By Mary Alice Casey
Wesley Workman was personable and popular. A gifted football player, he led his Portsmouth High School team in tackles three years in a row and was a 2007 all-state honorable-mention selection.
But there was another side to Wes, says his mother, Jo Anna Krohn.
He got mixed up in alcohol and drugs as a young teen, and by age 16, he had spent 45 days in juvenile detention. In the final months of Wes’ senior year, Krohn’s ex-husband told her he suspected their son was dealing drugs. She seriously considered turning him in, but was desperate to see him at least finish high school.
On April 20, 2008, Krohn got a call that her son had accidentally shot himself while partying with friends. He was under the influence of OxyContin.
Wes died two days later.
“He made bad choices, and he got caught up in some things he couldn’t control. And it killed him,” Krohn said. “It was a week before the prom and five weeks before graduation.”
Not wanting to see others lost to prescription drug abuse, Krohn — on the second anniversary of her son’s accident — founded a group to raise awareness about prescription painkillers’ widespread abuse and to support those who have lost loved ones. Its name, SOLACE, stands for Surviving Our Loss and Continuing Everyday.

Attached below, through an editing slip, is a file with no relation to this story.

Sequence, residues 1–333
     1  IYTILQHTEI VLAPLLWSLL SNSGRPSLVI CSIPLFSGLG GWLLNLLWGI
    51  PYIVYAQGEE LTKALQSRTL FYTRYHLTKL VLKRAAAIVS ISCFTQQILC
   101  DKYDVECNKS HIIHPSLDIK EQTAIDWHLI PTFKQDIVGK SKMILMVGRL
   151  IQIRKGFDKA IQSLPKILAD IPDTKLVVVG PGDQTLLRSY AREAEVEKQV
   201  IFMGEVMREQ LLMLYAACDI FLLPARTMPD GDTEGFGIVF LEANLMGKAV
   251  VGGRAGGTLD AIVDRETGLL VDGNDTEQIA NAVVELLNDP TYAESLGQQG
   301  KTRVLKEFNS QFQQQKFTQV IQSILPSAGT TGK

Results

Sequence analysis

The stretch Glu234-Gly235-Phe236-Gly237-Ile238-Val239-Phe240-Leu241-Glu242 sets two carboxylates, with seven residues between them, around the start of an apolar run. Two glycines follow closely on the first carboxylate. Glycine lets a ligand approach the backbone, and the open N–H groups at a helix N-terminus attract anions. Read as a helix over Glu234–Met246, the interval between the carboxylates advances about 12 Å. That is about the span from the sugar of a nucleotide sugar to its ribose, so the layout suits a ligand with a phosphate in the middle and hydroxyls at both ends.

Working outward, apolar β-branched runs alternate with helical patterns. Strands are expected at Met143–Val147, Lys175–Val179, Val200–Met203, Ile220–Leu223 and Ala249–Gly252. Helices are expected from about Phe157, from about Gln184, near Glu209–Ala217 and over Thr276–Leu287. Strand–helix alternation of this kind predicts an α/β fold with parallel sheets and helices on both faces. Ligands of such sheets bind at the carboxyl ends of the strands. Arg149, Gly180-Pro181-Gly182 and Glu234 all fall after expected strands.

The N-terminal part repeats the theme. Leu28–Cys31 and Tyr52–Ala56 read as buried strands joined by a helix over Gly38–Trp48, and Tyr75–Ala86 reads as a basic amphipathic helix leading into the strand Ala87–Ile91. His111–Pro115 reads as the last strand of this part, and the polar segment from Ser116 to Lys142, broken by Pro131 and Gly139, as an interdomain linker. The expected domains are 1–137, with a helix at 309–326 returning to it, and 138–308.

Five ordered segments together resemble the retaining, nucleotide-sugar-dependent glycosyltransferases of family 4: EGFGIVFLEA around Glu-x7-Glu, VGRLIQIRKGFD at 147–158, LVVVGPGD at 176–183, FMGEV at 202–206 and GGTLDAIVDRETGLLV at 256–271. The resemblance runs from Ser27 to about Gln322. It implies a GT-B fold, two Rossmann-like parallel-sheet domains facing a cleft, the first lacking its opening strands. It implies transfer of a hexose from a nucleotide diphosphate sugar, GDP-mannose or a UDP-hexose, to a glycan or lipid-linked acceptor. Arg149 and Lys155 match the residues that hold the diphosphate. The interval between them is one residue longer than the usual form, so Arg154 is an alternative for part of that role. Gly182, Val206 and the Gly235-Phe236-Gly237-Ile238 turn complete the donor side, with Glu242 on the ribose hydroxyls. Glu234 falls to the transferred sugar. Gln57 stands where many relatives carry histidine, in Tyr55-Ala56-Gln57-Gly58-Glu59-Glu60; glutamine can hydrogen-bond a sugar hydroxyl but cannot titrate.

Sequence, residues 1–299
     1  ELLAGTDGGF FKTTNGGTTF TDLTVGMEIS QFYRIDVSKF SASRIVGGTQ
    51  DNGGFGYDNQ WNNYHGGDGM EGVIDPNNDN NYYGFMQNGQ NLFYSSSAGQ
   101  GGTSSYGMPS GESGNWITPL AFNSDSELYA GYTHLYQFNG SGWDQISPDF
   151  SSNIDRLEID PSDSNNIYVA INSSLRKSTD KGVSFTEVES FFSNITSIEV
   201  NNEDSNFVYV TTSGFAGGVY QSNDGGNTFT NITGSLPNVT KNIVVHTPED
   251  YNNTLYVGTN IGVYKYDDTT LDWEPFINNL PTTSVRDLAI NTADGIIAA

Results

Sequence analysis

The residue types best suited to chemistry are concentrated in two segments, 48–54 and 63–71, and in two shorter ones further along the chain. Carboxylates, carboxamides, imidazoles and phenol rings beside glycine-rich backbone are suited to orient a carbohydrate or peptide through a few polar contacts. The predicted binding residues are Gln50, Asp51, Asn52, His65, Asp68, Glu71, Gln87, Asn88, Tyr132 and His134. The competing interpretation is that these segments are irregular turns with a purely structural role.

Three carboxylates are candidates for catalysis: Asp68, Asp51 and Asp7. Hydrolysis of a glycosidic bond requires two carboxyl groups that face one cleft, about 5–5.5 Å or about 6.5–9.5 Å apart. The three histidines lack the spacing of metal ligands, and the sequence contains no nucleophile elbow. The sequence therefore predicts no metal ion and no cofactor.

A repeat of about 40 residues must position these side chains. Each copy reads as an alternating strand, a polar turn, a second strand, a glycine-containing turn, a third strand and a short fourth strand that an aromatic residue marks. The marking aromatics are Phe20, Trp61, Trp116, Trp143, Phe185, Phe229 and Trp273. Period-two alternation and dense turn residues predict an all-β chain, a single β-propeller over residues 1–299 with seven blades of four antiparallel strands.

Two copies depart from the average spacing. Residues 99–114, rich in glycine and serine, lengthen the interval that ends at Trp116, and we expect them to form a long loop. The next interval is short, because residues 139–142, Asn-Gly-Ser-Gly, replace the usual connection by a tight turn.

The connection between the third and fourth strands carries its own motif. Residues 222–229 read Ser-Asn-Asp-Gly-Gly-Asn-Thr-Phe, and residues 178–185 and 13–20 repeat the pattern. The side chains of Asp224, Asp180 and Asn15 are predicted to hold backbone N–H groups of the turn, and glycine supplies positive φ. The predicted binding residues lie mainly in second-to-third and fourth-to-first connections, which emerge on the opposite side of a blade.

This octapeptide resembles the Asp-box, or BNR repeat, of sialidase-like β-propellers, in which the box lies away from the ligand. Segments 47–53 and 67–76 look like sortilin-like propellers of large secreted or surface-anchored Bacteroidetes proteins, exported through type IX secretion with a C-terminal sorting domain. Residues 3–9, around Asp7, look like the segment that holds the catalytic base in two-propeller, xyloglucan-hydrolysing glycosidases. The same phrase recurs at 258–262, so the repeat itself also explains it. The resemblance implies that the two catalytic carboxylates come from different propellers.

The group meets twice a month, sometimes just to talk, sometimes to hear a speaker. Members accompany one another on cemetery visits and maintain a memorial wall in a Portsmouth storefront. Krohn and others also speak at schools, churches, community group meetings, and in other settings.
“When I saw the power we had, I thought, ‘This is going to be part of the solution,’” said Krohn, who especially appreciates the attention her message draws at area schools. “It’s been well-received by the students. They listen. They’ve cried with me. They’ve told me, ‘You’ve made me think about what I’m doing.’”
Krohn is willing to help others form groups like SOLACE elsewhere in Ohio. To reach her, send an e-mail to firstname.lastname@example.org or call her at 740-464-3852 (evenings) or 740-259-8348 (daytime).